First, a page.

curl -H "Host: abc.example.com" 220.127.116.11
curl --resolve abc.example.com:80:18.104.22.168 http://abc.example.com
This is quiet handy. And in unfortunate circumstances one can need that but behind a proxy. So I was banging my head to understand how to do it. Eventually I resorted to looking at rfc2068.
The news are not good (as much as probably very little people care) - there is no way to perform that hack over a standard HTTP Proxy. Here's and excerpt:
There are two ways to ask a HTTP proxy to perform a request:5.2 The Resource Identified by a Request HTTP/1.1 origin servers SHOULD be aware that the exact resource identified by an Internet request is determined by examining both the Request-URI and the Host header field. An origin server that does not allow resources to differ by the requested host MAY ignore the Host header field value. (But see section 19.5.1 for other requirements on Host support in HTTP/1.1.) An origin server that does differentiate resources based on the host requested (sometimes referred to as virtual hosts or vanity hostnames) MUST use the following rules for determining the requested resource on an HTTP/1.1 request: 1. If Request-URI is an absoluteURI, the host is part of the Request-URI. Any Host header field value in the request MUST be ignored. 2. If the Request-URI is not an absoluteURI, and the request includes a Host header field, the host is determined by the Host header field value. 3. If the host as determined by rule 1 or 2 is not a valid host on the server, the response MUST be a 400 (Bad Request) error message. Recipients of an HTTP/1.0 request that lacks a Host header field MAY attempt to use heuristics (e.g., examination of the URI path for something unique to a particular host) in order to determine what exact resource is being requested.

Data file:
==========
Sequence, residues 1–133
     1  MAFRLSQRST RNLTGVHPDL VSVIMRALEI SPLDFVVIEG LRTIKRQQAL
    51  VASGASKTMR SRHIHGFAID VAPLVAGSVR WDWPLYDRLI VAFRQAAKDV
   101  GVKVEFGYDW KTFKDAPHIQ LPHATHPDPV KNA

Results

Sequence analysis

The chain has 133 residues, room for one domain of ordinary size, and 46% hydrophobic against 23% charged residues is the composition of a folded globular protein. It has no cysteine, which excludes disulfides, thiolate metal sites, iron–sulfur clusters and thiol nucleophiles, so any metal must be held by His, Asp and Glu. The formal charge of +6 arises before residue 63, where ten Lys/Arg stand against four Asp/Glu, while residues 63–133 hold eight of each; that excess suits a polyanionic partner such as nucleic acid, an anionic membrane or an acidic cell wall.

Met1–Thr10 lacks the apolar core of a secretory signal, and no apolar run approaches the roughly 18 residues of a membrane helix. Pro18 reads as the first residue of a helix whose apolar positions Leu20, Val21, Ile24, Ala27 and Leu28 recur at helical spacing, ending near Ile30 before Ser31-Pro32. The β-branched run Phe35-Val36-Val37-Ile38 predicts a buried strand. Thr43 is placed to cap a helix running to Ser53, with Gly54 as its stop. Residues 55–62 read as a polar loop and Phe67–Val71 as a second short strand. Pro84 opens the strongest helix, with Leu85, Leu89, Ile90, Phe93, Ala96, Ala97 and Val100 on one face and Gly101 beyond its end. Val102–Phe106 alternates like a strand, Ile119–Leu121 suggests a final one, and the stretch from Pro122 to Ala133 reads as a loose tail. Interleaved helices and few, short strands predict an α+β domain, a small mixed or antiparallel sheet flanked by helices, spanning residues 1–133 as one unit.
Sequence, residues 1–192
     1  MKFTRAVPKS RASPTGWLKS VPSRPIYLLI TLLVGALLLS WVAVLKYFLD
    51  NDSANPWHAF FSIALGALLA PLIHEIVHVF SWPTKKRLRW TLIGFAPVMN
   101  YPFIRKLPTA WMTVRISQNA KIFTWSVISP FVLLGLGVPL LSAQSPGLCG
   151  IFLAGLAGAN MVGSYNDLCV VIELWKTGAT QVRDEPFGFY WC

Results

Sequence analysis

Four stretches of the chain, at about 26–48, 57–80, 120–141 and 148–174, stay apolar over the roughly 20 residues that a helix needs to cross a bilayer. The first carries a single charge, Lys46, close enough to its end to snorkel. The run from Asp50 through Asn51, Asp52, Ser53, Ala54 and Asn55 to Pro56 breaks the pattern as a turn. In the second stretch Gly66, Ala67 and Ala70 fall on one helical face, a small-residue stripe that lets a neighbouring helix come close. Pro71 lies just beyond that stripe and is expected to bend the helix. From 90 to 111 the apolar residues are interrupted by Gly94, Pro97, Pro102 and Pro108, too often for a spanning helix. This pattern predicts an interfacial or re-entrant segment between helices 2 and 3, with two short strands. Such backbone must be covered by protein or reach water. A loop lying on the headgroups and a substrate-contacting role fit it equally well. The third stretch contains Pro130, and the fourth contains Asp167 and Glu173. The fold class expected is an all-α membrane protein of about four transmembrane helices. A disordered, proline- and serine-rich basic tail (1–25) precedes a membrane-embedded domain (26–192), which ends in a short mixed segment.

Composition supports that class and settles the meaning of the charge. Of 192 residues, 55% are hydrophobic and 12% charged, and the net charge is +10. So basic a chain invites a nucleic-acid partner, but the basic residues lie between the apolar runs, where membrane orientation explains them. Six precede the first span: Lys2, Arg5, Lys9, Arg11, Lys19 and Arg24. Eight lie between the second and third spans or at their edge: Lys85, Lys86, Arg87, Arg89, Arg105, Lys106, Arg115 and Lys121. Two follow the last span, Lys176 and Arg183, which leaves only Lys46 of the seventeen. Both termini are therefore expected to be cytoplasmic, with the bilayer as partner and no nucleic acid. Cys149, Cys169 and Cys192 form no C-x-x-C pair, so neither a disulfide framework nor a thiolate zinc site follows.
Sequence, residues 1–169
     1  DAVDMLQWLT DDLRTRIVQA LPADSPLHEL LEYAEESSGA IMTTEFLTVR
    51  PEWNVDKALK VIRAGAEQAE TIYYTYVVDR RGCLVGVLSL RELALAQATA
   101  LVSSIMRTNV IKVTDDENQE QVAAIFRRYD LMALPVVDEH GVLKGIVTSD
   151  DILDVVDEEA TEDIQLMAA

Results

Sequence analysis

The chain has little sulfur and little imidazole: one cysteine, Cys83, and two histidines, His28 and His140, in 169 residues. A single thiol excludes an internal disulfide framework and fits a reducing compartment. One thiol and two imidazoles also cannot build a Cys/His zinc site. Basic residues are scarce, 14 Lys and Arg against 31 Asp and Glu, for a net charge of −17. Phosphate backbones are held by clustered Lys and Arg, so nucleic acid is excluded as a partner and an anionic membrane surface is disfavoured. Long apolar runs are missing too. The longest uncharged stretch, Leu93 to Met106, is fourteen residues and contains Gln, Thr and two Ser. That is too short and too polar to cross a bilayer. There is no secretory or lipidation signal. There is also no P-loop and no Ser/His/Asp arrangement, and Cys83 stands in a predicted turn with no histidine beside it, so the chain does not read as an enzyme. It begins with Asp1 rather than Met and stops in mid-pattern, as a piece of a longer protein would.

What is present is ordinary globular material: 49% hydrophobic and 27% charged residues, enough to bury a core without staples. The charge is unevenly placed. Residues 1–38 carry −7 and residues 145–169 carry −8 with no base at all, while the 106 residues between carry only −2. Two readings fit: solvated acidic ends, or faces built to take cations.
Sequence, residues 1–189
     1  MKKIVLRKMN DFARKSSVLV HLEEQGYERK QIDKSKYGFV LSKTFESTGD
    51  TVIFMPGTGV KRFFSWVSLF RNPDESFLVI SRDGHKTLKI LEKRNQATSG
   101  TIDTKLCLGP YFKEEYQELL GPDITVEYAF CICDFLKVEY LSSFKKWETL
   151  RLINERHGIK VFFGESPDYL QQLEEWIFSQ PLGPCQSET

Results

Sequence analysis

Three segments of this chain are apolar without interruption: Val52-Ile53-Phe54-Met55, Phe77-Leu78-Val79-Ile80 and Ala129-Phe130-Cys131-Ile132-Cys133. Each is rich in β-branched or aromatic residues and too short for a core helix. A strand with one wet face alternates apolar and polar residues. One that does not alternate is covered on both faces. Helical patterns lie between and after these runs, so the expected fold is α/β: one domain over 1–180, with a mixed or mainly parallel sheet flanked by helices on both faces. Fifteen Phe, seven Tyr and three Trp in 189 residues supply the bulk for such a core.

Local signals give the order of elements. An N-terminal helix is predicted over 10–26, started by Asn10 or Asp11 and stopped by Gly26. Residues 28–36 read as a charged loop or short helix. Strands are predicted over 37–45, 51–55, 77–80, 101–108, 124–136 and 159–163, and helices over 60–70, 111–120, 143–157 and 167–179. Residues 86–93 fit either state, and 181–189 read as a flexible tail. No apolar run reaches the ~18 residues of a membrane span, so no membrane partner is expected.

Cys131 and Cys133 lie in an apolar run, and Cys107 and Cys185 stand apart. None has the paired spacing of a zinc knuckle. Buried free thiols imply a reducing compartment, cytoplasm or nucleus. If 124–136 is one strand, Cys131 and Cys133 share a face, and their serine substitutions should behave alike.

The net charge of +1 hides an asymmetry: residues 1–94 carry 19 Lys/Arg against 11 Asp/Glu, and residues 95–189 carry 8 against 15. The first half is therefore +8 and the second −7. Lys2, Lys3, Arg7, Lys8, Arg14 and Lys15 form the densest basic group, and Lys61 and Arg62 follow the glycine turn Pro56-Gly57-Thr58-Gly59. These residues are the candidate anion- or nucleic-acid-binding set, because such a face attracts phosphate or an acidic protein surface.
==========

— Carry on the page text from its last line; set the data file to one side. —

GET http://abc.ecample.com/ HTTP 1.0or
GET / HTTP 1.0In the first form (point #1 above), even if `Host` header is provided, the proxy server must ignore it and send to the target web server whatever host is provided in the absolute URL. That's why it's technically impossible to do this over a HTTP proxy.
This doesn't mean you can't do it with a socks server or if proxy allows CONNECT to the desired destination port.
With socks perhaps `curl` should do just fine (haven't tested). Using CONNECT to port 80 though would require manual interaction with the socket or a little programming as standard tools would not use CONNECT for simple non-encrypted HTTP connections.
Here's how to use proxy with auth via telnet:
And here's a good example how to use the CONNECT method manually: